The history of Costume Jewelry traces back to the 18th century
Europeans’ desire for fine jewelry with precious stones (namely diamonds) helped create the demand for costume jewelry. Needless to say you know most could not afford diamonds or fine jewelry. So enter a cost-effective alternative. French jeweler Georges Fréderic Strass, in 1724, introduced a special leaded glass that, when cut with metal powder. This process mimicked the magnificent twinkle and shimmer of genuine diamonds. Inexpensive glass diamante jewelry was immediately popular with Parisian’s fashion set.
In 1892, Austrian jeweler Daniel Swarovski developed his own rhinestones that could perfectly resemble the shimmer and shine of colorful gemstones like emeralds, rubies, and sapphires by using high-lead-content glass with a foil backing. Swarovski also employed a revolutionary glass-cutting machine that could quickly and decisively facet glass with more brilliance than any expert artisan hands historically could. In turn, Swarovski could mass produce inexpensive “Swarovski Crystals.” We still buy and collect Swarovski pieces.
Coco Chanel popularized costume jewelry in the 20th Century
Historically, costume jewelry was designed to mirror expensive, heirloom jewelry. It was still looked down upon as jewelry for those who couldn’t afford the real thing. However, Coco Chanel is largely credited as being the primary influence behind the shift of fashionable tastes from delicate fine-jewels to colorful, statement costume jewelry. She designed and popularized large pieces that stood in beautiful contrast to her minimalist ready-to-wear designs: ropes of long pearls, large enamel bangles, and dazzling C&C logo earrings.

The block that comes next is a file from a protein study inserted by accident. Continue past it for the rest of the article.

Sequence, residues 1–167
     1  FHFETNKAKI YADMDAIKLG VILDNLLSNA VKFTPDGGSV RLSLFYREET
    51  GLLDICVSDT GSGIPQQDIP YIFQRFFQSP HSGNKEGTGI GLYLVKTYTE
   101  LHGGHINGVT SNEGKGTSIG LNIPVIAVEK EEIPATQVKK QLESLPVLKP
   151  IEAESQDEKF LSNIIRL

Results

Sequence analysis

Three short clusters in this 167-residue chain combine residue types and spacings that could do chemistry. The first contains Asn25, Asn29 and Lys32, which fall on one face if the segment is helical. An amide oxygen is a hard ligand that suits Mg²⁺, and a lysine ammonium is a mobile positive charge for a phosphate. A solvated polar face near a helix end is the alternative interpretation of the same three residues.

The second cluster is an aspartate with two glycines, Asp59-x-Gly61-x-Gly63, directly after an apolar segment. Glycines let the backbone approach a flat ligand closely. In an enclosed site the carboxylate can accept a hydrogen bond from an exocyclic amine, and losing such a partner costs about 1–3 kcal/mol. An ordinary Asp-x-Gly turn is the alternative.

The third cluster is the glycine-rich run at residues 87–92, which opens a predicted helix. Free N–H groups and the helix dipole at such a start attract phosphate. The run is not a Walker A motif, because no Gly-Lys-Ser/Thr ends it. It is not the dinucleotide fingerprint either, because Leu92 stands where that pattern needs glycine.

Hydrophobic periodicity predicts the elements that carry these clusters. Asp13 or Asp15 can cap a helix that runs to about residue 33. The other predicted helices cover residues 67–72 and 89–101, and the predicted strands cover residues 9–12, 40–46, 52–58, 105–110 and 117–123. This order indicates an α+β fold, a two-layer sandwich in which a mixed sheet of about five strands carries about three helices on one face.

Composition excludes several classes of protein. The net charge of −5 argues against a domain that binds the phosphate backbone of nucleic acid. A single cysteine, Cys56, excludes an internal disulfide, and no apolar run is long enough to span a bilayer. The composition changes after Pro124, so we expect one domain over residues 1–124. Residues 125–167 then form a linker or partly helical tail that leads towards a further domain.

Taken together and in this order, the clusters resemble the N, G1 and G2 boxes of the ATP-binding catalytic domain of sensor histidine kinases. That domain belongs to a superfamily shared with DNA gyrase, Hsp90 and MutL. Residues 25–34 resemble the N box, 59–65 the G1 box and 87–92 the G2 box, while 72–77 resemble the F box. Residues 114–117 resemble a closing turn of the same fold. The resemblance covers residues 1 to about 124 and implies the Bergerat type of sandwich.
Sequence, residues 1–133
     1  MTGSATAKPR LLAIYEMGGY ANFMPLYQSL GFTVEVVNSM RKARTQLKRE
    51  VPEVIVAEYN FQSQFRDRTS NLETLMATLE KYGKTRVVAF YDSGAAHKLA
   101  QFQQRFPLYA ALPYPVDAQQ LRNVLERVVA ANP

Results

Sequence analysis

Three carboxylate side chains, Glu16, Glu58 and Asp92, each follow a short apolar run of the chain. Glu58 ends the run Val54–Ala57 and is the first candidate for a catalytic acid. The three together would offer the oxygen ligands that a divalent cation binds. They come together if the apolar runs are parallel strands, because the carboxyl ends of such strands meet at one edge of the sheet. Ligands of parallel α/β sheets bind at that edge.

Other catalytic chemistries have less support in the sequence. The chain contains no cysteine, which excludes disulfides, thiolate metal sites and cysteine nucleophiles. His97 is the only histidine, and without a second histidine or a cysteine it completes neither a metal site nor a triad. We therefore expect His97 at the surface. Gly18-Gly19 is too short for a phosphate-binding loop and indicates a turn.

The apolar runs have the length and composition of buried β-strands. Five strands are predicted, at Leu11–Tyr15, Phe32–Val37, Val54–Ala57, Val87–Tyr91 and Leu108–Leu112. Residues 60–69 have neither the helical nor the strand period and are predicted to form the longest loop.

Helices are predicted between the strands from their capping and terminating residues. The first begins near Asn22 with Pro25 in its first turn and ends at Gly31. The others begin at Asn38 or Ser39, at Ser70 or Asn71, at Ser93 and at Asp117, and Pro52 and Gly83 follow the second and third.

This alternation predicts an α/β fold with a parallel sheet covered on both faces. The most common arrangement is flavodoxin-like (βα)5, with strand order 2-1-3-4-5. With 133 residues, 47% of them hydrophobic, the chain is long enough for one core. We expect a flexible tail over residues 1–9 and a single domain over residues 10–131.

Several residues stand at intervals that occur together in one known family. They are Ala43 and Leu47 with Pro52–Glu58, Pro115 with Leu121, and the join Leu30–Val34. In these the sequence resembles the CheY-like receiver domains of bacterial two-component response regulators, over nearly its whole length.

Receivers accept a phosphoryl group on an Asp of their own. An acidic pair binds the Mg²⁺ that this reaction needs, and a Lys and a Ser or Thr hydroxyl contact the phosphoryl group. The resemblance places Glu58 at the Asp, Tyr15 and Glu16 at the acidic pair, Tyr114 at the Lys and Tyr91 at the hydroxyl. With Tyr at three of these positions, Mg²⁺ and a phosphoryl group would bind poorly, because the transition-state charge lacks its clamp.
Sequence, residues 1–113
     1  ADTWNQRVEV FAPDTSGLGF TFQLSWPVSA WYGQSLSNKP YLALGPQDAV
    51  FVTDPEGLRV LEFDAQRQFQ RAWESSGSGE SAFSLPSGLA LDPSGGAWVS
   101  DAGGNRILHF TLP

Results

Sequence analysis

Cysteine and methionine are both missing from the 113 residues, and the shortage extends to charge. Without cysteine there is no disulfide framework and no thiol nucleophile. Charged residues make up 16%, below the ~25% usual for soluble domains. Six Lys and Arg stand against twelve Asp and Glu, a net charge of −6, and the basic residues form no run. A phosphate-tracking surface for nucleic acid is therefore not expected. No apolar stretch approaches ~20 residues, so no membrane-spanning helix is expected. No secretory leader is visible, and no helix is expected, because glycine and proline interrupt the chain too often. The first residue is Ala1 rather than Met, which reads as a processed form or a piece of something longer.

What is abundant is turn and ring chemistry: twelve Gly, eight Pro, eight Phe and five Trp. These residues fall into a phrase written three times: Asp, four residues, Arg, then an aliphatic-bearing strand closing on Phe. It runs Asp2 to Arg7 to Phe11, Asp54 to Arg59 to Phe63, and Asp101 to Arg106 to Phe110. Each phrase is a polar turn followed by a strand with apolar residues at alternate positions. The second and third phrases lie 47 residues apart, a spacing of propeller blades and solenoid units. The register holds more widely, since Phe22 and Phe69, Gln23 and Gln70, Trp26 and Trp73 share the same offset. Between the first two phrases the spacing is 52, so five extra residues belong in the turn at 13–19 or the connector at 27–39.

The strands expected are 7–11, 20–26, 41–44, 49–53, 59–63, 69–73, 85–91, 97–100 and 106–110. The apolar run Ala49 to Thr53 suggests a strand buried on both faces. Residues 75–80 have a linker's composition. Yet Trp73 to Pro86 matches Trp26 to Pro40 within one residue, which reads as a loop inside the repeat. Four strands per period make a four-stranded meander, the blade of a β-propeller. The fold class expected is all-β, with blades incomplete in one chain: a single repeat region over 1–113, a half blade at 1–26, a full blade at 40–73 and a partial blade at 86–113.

Costume jewelry in The Post World War II Retro Era
The world’s economy during and after World War II greatly influenced jewelry trends and markets. The war efforts need for platinum and alloy metals lead to many designers working with yellow or pink gold. And with fewer European jewelers able to actively produce jewelry during wartime, American jewelers’ business grew. Similarly, with European’s precious stones supply effectively dried up, jewelers turned to Brazil instead for colorful and large gemstones and also used synthetic stones as substitutes.
The Modern Period
In the 1950s, contemporary costume jewelry styles shifted again. The mid-century Modern era’s understated style was heavily influenced by the Bauhaus movement that married form and function, imbuing every design with an artistic air. Platinum also returned as the material of choice. Jewelry became lighter and incorporated more textures like engraved finishes and braided rope accents.
Costume Jewelry Today
Today costume jewelry (also referred to as fashion jewelry) has become a mainstay of any wardrobe. As you can imagine, affordable costume jewelry is needed to appeal to the rapidly changing tastes associated with the fast-fashion industry.
We’re adding more pieces regularly so if you are looking for a pristine piece, check back regularly. Check out our entire collection of vintage and contemporary jewelry.